Last night, the 2010-11 NCAA Men's Division I basketball bracket was determined, putting one of college sports' most exciting tournaments in motion again. Yes, March Madness is upon us. ESPN marked the occasion by premiering a documentary about a group of young men, known as the "Fab Five," who revolutionized college basketball while playing for the University of Michigan.
Jimmy King, Ray Jackson, Juwan Howard, Jalen Rose and Chris Webber constituted the most electrifying and talented freshman class ever recruited. In 1991, these five men changed the game of college hoops with their baggy shorts, black socks, bald heads, trash-talk and swagger. The Fab Five were more than basketball players; they were cultural icons who were often misunderstood and portrayed as evil.
In the film Fab Five, Rose, King, Jackson and Howard relive their '91 and '92 seasons as Wolverines, telling their side of the story. As Rose stated in a recent interview, "This is the bible of the Fab Five's story." The film, which Rose also executive produced, deals with the formation, rise, scandal and epilogue of the team, including the payment scandal, which led to legal problems for Webber; the removal of the Fab Five's championship banners from Crisler Arena; and the infamous timeout gaffe at the end of the 1993 national championship game. [Missing from the documentary is Webber, who still refuses to address either subject.]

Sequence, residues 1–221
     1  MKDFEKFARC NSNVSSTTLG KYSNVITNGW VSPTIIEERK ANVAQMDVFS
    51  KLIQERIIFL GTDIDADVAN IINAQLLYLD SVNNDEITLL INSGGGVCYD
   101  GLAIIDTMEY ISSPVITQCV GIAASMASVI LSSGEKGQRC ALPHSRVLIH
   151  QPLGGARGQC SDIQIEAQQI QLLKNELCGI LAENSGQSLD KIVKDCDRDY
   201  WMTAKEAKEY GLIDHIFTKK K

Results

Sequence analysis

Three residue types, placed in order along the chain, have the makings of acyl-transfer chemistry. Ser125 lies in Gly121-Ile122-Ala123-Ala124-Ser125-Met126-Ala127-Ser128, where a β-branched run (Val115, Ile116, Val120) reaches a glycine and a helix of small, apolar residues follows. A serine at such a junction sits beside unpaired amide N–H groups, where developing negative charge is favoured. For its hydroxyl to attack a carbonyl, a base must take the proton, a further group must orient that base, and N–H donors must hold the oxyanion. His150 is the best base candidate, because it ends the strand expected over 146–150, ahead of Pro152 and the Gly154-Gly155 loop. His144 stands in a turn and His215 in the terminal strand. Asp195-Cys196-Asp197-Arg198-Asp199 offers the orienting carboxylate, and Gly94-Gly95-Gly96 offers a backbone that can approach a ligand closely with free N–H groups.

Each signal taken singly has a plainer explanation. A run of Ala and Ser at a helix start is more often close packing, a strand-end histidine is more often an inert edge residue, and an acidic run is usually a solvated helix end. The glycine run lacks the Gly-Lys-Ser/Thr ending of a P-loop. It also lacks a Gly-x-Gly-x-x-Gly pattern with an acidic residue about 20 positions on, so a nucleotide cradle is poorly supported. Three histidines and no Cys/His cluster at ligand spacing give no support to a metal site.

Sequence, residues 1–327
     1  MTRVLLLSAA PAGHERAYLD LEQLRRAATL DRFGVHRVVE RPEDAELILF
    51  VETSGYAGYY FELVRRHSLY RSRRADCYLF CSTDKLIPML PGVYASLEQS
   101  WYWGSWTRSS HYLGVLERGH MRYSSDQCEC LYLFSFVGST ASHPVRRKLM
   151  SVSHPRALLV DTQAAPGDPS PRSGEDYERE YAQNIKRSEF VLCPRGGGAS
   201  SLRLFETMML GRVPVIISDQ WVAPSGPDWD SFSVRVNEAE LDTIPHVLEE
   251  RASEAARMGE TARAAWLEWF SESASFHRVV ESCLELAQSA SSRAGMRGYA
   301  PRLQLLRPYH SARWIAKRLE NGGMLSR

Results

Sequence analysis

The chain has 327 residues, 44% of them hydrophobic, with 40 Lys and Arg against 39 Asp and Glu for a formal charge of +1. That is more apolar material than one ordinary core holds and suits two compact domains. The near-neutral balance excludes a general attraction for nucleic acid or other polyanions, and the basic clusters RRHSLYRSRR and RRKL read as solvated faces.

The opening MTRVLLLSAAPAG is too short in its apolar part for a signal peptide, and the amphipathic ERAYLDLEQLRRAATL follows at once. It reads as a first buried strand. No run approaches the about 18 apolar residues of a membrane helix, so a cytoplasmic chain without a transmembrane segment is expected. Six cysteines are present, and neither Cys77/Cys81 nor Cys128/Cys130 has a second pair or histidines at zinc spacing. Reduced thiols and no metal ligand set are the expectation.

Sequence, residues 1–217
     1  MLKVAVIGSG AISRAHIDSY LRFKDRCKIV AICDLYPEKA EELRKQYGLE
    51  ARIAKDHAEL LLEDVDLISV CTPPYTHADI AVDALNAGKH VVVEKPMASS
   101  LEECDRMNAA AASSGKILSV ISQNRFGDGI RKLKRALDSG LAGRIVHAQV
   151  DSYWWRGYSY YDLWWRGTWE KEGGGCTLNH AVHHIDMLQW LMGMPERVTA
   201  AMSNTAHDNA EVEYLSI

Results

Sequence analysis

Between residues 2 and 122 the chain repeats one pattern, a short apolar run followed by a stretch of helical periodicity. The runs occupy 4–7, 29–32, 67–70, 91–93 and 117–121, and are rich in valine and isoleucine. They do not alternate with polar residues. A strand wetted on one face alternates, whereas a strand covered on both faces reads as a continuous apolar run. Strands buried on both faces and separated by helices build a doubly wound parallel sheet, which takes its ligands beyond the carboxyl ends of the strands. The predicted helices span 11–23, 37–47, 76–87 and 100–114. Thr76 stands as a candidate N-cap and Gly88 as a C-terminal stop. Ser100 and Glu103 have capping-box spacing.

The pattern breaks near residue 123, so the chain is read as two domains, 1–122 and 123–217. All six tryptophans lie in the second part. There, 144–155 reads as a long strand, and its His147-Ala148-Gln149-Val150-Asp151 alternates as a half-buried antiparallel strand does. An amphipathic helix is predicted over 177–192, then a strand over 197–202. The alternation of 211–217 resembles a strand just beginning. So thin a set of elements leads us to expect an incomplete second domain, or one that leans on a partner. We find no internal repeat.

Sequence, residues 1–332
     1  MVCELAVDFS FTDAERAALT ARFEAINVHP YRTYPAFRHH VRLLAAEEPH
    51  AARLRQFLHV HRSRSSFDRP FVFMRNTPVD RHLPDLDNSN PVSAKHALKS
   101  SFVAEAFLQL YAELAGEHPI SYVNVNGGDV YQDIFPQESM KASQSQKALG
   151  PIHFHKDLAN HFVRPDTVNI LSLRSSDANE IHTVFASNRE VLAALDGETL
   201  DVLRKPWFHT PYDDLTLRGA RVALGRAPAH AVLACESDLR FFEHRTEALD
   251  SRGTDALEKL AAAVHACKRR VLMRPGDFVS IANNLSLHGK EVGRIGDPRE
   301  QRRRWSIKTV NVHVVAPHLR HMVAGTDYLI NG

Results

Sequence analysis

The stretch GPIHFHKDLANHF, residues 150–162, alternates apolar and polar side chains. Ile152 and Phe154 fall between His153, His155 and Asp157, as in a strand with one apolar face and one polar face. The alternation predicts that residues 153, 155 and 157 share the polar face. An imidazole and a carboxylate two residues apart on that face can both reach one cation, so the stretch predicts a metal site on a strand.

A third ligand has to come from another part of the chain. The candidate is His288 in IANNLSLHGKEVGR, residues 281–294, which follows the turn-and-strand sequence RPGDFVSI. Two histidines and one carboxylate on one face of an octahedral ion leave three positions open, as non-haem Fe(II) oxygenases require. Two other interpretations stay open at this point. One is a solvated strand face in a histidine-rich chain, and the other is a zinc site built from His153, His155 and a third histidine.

Love 'em or hate 'em, the Fab Five had an undeniable passion for the game and for winning. Plus, their camaraderie and bonds as teammates were so strong, a player could only dream of belonging to such a special group. After two decades, we've yet to see a freshman class as great as the Fab Five. Quite possibly, we never will.
Replays of the Fab Five are currently airing on ESPN.
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